Not every questioner heaped praise on Berkshire.  The morning’s first question was probably the most pointed.  A shareholder asked Mr. Buffett to defend mortgage lending practices at Berkshire’s manufactured home subsidiary Clayton Homes.  Mr. Buffett, clearly anticipating a question on Clayton, offered a well-documented and persuasive defense of Clayton and its lending practices, pointing out that 97% of Clayton’s borrowers successfully pay off their mortgages and concluding that “Clayton has behaved very well.”

The same shareholder also questioned Berkshire’s association with buyout firm 3G Capital which has a reputation for cutting jobs at the companies it acquires.  With respect to 3G, Mr. Buffett remarked, and Mr. Munger seconded, that some of the companies it acquired had too many employees to work efficiently and that no one is required or expected to retain more people than needed to run a business.  He added that after being acquired by 3G, performance at those companies improved considerably.

Succession, which has been a frequent topic at Berkshire meetings in recent years, was discussed only briefly this year with Mr. Buffett stating his belief the person at the top must have extensive operational experience, not simply investing prowess.

On stock valuations Mr. Buffett was asked whether he felt that the ratio of total market capitalization to GDP, one of his favored market valuation metrics, was now too high.  He responded that in the current environment of exceptionally low interest rates current valuations were very reasonable.

They also remarked that the reinsurance business, where Berkshire is a major player, is not the attractive business it once was as competition has grown and made pricing unattractive.

Responding to a question about China and whether the principles of value investing have applicability there, Mr. Buffett and Mr. Munger agreed that the principles of value investing know no borders.  They added that China could benefit from shifting toward a more value-oriented approach to investing and away from the speculative fevers that tend to dominate markets in China today.

Turning to China again, both Mr. Buffett and Mr. Munger expressed admiration for the speed with which China has transformed itself over the past four decades and agreed that China and the U.S. must find a way to cooperate over the long term for their mutual benefit and for the benefit of world.

On the acquisition front, both expressed interest in doing more deals in Europe, having recently closed on the acquisition of a German motorcycle equipment retailer.

As the Q&A wound to a close Mr. Munger offered a fitting conclusion, saying that simply being a shrewd investor, passively holding stocks, is not enough to make a life satisfying and that we all should strive to contribute more.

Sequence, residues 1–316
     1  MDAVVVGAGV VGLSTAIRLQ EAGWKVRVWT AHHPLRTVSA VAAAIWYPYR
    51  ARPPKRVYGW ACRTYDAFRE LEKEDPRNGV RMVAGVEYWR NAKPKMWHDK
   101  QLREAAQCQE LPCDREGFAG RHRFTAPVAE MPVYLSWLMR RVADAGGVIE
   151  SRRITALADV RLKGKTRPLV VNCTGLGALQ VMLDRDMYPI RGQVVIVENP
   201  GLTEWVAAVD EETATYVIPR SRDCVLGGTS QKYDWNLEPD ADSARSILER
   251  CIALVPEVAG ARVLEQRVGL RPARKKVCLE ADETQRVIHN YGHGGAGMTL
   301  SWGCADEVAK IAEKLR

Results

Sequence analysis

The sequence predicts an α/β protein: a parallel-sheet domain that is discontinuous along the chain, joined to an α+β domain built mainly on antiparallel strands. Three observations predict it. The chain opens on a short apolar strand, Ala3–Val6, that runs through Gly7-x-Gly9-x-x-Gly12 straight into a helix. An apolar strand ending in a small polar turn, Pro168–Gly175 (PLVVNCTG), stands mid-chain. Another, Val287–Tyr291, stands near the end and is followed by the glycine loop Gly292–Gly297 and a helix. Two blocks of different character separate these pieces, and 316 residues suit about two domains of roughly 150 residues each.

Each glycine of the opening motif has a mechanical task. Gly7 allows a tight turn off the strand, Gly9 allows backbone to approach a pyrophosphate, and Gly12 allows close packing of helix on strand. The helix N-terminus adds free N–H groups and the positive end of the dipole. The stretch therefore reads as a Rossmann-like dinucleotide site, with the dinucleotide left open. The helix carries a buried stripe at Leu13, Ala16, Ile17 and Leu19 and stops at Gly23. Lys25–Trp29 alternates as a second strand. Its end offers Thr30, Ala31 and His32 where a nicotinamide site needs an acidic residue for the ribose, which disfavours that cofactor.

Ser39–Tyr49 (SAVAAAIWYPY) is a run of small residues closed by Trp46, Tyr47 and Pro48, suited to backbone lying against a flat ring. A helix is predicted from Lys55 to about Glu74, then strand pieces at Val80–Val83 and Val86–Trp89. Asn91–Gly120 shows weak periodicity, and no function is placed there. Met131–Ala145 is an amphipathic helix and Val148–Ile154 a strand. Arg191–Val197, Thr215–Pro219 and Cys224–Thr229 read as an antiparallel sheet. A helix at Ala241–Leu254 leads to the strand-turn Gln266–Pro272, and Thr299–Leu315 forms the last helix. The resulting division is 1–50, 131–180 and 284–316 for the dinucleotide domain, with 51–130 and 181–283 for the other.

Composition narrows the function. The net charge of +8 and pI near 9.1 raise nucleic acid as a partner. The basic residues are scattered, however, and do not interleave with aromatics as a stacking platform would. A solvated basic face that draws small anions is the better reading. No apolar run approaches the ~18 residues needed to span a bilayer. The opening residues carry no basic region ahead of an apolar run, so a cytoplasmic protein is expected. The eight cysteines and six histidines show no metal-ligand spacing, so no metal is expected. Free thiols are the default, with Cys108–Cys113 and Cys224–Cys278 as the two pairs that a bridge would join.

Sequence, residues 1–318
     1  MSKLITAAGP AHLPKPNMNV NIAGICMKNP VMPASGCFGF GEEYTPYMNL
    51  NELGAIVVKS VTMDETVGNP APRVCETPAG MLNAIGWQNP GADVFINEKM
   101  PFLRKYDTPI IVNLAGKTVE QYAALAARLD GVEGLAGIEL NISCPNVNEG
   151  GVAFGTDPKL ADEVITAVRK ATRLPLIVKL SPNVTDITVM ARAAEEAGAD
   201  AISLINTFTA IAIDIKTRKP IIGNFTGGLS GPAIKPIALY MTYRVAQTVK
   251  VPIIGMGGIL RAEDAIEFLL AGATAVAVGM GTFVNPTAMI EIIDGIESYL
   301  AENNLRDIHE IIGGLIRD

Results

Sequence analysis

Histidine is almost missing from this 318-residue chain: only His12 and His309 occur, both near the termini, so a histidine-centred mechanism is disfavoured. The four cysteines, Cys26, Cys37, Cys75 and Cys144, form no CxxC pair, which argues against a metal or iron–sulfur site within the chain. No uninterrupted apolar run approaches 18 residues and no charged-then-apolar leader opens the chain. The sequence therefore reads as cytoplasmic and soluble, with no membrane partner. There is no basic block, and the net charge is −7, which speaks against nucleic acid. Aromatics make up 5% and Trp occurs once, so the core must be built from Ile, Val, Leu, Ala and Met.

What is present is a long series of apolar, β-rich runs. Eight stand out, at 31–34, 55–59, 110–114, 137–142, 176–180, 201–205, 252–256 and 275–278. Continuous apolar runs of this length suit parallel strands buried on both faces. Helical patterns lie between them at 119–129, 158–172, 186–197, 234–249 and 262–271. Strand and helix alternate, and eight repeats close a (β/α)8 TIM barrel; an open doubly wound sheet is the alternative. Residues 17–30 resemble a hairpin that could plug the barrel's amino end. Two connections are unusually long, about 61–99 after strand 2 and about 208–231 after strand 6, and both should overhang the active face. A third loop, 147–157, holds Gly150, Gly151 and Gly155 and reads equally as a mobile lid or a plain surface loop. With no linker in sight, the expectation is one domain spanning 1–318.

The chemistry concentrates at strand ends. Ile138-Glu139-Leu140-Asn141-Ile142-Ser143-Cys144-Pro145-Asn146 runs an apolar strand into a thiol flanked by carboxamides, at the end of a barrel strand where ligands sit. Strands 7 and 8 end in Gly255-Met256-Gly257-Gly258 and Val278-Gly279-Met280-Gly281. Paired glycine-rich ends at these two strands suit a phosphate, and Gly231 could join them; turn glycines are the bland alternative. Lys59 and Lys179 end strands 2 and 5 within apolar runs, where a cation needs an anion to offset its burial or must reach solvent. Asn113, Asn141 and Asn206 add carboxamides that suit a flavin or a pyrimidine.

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Waiting on the Fed

In this latest installment of our quarterly report, my colleagues and I share some observations on the first quarter of 2015, offer our outlook for the global economy and markets, and discuss several of the securities we are currently buying: Google (GOOG), Johnson Controls (JCI), and international mutual funds from Dimensional Fund Advisors.

Click here to go to the full report on our website.  Following are a few highlights:

- Stocks rose slightly in the first quarter as U.S. Federal Reserve chair Janet Yellen’s remarks about gradual interest rate increases comforted investors, who are adjusting to lower oil prices, a stronger dollar, and mixed economic conditions around the world.

- Whenever the Fed finally raises rates – likely before year-end – we expect the increase to be gradual and believe the U.S. economy will continue to expand.

- The United States is currently the strongest of the major global economies, even though real GDP growth has been limited to 2%-2.5% for several years and is likely to remain in a similar range in 2015.

- The dramatic fall in oil prices – over 50% since last summer – is both good and bad for the U.S. economy but should have a positive impact overall.

- Some of the world’s major economies are not faring as well as the United States and require more stimulus, so central banks abroad are easing rates in Europe, China, and Japan.

- The relative health of the U.S. economy provides select opportunities to make good investments here at home, and Europe and other foreign markets also present pockets of opportunity for disciplined, patient investors.

- For income, we continue to favor utilities, real estate investment trusts, preferred stocks, master limited partnerships, and convertible securities over bonds in the current environment of low interest rates that are likely to rise.

- We remain optimistic that the stock market, bolstered by the economic benefits of lower energy prices and low interest rates, will again provide positive returns in 2015.

As always, feel free to contact us if you have any questions or comments.  For more information, visit our website.

Jordan Smyth and the Edgemoor Investment Advisors Team

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What do lower oil prices mean for investments?

After a plunge of more than 50% since last summer, oil prices appear to be stabilizing – at least for now – around $50 per barrel.  Where they go from here is unknown, but easier to predict is the impact of lower oil prices on investments in certain sectors or regions of the world.  Click here to read a research report from Fidelity that forecasts continued low oil prices, compares the impact of lower prices on net importers like the United States (positive) to the impact on exporters like Russia (negative), and suggests sectors that will benefit from oil’s decline.